Summer means ice cream, hikes in the woods, swimming in ponds, running through fields, and, generally having a ball while soaking up the warmth.
All that fun in the sun can have a downside, though. Most people are aware of the more obvious hazards that come with long, warm days—heat stroke, drowning, disease-spreading mosquitoes, fleas and ticks.
But here are some others that may not be on your radar screen:
* “Mean seeds,” is a term that has been coined to refer to foxtails or any number of plants, which include Canada wild rye and cheatgrass, that have barbed grass awns. Dogs may pick up a grass awn on an ear, paw, eye, or nose. They can be particularly dangerous, causing pneumonia, if inhaled. The barbs allow the seed to continuously move forward, spreading bacteria that cause infections. Grass-awn disease is a growing problem among hunting dogs, but any dog could come in contact with these plants. Here are a few measures that might prevent the worst outcome.
- If possible, avoid areas where you see foxtails.
- After walking through any area where foxtails are growing, check your dog for visible seeds, especially between the toes.
- If your dog starts to exhibit strange symptoms of illness, especially sneezing or breathing problems, see your vet and mention that you’ve been in a place where foxtails were growing.
- Learn about the plants and the pathology. A good site is The Grass Awn Project.
* Poison Pond Scum
Algae is a normal part of the ecosystem of ponds, lakes, and other bodies of water. Some varieties of blue-green algae, also known as cyanobacteria, are toxic, causing damage to skin, liver, and the nervous system. The good news is that they are most dangerous in a form called a “bloom,” which is easy to spot. Blooms will have a horrible odor and a distinctive appearance, looking most often like green paint or pea soup, according to the New York State Department of Environmental Conservation. The agency has a photo gallery of toxic and non-toxic green and blue-green algae.
Most people will avoid a dip in a swimming hole that looks like a pot of stinky pea soup, but dogs love that kind of stuff and will dive right in. Here are some tips to prevent blue-green algae poisoning:
- Keep your dog leashed around bodies of water.
- Rinse off immediately if the dog comes in contact with blue-green algae.
- Don’t let your dog drink out of ponds and lakes;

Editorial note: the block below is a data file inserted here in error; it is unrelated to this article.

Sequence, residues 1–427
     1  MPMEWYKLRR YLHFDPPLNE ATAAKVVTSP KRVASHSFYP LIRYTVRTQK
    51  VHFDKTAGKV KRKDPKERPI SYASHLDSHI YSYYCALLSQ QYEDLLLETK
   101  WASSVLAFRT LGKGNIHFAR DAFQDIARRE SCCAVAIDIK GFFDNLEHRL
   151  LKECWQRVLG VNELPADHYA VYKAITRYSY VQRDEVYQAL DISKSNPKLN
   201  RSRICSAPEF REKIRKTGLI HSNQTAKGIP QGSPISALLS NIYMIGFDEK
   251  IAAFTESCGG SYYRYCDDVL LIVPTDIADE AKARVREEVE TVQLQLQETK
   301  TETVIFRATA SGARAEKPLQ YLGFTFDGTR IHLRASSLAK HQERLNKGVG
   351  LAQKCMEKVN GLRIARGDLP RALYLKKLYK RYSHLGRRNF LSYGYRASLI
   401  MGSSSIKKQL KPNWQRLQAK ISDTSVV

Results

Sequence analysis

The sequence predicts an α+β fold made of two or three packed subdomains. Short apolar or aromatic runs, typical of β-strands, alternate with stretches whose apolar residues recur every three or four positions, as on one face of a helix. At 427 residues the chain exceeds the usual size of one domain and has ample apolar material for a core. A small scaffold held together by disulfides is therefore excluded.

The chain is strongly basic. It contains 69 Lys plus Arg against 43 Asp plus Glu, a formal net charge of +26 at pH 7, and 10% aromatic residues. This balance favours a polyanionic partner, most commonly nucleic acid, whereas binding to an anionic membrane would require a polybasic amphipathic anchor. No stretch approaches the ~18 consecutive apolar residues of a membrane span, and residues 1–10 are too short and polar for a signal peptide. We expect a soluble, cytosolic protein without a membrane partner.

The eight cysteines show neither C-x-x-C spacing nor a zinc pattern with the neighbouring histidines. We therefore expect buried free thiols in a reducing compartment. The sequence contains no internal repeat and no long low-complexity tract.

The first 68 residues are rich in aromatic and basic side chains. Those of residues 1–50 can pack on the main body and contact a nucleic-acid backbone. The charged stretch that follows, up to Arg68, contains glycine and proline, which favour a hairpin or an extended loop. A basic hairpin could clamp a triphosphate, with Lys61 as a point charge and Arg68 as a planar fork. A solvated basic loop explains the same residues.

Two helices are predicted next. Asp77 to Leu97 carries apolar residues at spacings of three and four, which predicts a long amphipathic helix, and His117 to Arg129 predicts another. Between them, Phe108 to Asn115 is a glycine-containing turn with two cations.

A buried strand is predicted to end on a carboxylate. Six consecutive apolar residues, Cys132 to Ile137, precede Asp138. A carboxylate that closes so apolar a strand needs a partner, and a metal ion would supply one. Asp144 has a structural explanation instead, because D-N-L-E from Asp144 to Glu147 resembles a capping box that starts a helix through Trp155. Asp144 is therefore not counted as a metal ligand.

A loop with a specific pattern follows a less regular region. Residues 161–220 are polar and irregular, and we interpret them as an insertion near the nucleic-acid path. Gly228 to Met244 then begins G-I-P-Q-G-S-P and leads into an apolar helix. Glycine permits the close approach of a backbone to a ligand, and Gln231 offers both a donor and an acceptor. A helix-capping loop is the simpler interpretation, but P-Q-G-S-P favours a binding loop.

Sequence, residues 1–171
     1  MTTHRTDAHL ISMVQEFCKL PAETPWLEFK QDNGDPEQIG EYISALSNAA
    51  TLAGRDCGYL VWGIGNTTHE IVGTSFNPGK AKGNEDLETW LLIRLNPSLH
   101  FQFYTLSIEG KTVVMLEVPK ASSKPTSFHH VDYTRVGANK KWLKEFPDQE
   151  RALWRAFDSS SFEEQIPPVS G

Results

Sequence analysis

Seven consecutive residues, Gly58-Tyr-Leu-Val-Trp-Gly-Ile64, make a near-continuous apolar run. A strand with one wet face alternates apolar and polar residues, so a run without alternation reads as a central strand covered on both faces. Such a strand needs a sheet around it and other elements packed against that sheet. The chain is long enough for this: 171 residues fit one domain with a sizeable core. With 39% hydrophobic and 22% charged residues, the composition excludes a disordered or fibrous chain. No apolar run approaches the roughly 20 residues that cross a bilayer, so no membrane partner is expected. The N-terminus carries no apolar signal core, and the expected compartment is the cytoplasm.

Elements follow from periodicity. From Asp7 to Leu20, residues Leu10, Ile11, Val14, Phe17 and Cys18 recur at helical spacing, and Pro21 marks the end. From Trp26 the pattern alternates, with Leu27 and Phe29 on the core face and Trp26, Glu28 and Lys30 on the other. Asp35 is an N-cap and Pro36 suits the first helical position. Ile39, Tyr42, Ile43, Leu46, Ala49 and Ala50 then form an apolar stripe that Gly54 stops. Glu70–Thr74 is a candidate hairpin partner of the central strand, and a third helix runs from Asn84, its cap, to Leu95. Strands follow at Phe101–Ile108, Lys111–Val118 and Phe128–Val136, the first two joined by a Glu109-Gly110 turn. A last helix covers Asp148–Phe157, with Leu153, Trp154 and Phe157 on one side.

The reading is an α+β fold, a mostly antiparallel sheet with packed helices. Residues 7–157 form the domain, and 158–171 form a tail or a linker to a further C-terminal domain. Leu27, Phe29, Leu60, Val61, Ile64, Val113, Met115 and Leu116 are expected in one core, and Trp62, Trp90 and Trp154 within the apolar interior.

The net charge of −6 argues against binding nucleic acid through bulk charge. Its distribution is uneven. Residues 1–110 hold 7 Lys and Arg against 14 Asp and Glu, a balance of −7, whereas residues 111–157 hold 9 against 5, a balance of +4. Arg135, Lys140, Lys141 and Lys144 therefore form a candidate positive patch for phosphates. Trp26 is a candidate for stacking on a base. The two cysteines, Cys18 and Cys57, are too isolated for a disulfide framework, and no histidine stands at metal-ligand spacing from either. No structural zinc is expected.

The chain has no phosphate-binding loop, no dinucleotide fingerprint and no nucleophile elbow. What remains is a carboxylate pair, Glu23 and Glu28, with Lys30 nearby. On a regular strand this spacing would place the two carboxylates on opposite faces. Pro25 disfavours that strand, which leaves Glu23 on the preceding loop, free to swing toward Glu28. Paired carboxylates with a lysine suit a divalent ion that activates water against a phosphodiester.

- Watch for symptoms, which include vomiting, diarrhea, seizures, jaundice, and rashes.
Sea Grant New York offers a very helpful brochure on Dogs and Harmful Algal Blooms.
This is the scientific, and polite, way to describe an infestation of maggots. This is not just a condition of neglected dogs who are tied up outside. It can arise so quickly—less than 48 hours for larvae to hatch and reach a size of about a grain of rice—that it’s not unheard of for well-loved and cared-for pets to get an infestation. Elderly and incontinent dogs, or those with open wounds or bacterial skin infections are most susceptible, because certain odors will attract flies. These will land and lay eggs. When the larvae emerge, they’ll hook on to skin and start to feed, resulting in serious lesions.
The good news is that myiasis in an indoor dog will be quickly detected. The larvae feeding cause considerable discomfort, and they may be visible to the naked eye. If you suspect myiasis, get to a veterinarian as soon as possible. Treatment will include manually removing the maggots, application of a topical insecticide, and oral medication. Prevention is the wisest route and it entails keeping a dog indoors if she has wounds or other obvious conditions that might attract flies. And if you see flies buzzing around your pet, shoo them away.
Emergency First Aid for Dogs
Even the most responsible pet owner canâ€™t always protect their pet from a sudden accident or illness. Getting your pet immediate medical attention can be the difference between life and death. Download this e-book to learn more about what to do in an emergency situation.